Melissa Rodgers, the director of programs for the Immigrant Legal Resource Center, calls these changes a “part and parcel of the assault on the naturalization process” (Wall Street Journal) This assault has been an ongoing feature of the Trump administration in which they relentlessly work to block immigration of those Trump deems “undesirable.” The most visible form of Trump’s anti-immigration policies is his ‘wall’ on the US-Mexico border intended to block Central and South American migrants from entering the United States. These newly proposed laws, like Trump’s other immigration policies, will disproportionately affect migrants who have come to the United States in search of livelihood and safety, many of whom are eligible for asylum status. Furthermore, these fees cannot be waived under the new policies, regardless of whether or not the individual is below the poverty line and dependent on public services. This further impedes migrants who struggle with poverty from obtaining legal status or becoming citizens, leaving them unprotected by the government and vulnerable to exploitation.
The Trump administration intends for revenue from these fee increases to be transferred to Immigration and Customs Enforcement (ICE), a government organization known for its violent practices towards migrants. This brutality includes negligence in detention centre management leading to the death of multiple detainees, including at least seven children, as well as their facilitation of family separation practices. According to CBS News, these fees, amounting to $207 million, will be used for “worksite enforcement, a crackdown on visa overstays, a denaturalization campaign and investigations of potential immigration fraud” (CBS). In sum, the fees collected from immigration processes, which will disproportionately harm impoverished migrants and otherwise vulnerable people, will bolster the organization that targets and inflicts violence on these very populations.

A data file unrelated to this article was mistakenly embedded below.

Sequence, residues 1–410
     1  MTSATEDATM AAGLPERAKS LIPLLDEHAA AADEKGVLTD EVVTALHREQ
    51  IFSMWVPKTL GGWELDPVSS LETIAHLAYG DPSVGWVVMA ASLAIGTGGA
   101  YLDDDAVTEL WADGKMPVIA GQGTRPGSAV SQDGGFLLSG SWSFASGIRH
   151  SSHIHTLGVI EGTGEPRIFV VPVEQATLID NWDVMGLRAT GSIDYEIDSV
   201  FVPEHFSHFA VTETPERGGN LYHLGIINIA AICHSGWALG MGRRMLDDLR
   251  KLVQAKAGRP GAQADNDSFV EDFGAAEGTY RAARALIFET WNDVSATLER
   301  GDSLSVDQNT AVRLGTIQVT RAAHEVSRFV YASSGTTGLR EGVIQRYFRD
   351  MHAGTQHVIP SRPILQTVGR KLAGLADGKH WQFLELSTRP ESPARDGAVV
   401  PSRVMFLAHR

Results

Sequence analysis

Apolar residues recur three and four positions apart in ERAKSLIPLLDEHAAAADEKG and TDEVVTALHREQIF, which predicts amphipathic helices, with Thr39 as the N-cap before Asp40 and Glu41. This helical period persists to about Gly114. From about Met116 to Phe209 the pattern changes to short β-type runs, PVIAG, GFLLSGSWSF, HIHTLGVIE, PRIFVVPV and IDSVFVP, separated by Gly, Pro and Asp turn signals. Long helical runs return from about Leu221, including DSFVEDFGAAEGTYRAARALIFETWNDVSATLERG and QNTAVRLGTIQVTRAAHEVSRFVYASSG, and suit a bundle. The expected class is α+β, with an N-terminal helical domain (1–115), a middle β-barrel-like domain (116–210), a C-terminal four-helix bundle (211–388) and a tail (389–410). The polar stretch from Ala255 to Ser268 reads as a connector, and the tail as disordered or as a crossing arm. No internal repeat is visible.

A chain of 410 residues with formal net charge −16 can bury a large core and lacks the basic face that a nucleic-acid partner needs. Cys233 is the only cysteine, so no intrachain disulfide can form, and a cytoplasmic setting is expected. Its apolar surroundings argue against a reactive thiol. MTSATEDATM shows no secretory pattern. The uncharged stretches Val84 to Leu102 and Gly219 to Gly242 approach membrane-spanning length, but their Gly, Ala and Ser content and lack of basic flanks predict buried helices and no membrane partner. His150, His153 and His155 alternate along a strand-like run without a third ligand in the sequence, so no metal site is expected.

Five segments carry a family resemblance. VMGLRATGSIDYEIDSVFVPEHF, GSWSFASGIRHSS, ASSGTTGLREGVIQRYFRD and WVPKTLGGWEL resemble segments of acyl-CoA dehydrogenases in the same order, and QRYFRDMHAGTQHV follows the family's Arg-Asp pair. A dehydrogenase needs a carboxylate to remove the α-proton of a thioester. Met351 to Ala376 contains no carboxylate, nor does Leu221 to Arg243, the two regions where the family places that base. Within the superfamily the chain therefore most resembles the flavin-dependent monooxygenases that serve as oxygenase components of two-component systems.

On November 14th, these proposed fee policies were published in the Federal Register. This marks the beginning of a 30-day review period in which the proposed fees will be open to public opinion, in which it is crucial that Americans voice their thoughts on the matter.
US citizens can call the Capitol switchboard at (202) 224-3121 to speak to their congressional representatives.
Alvarez, Priscilla. “Trump Administration Proposes Charging for Asylum Applications, Joining Only 3 Other Countries.” CNN, Cable News Network, 8 Nov. 2019, www.cnn.com/2019/11/08/politics/asylum-fee-uscis/index.html.
Hackman, Michelle, and Alicia A. Caldwell. “Trump Administration Proposes Increasing Fee for U.S. Citizenship Application.” The Wall Street Journal, Dow Jones & Company, 9 Nov. 2019, www.wsj.com/articles/trump-administration-proposes-increasing-fee-for-u-s-citizenship-application-11573255094.
Montoya-Galvez, Camilo. “U.S. Seeks to Hike Fees for Immigration Applications and Impose First-Ever Asylum Charge.” CBS News, CBS Interactive, 9 Nov. 2019, www.cbsnews.com/news/u-s-seeks-to-hike-fees-for-immigration-applications-and-impose-first-ever-asylum-charge/.
Pompa, Cynthia. “Immigrant Kids Keep Dying in CBP Detention Centers, and DHS Won't Take Accountability.” American Civil Liberties Union, American Civil Liberties Union, 25 June 2019, www.aclu.org/blog/immigrants-rights/immigrants-rights-and-detention/immigrant-kids-keep-dying-cbp-detention.
United Nations. “Asylum-Seekers.” UNHCR, www.unhcr.org/asylum-seekers.html.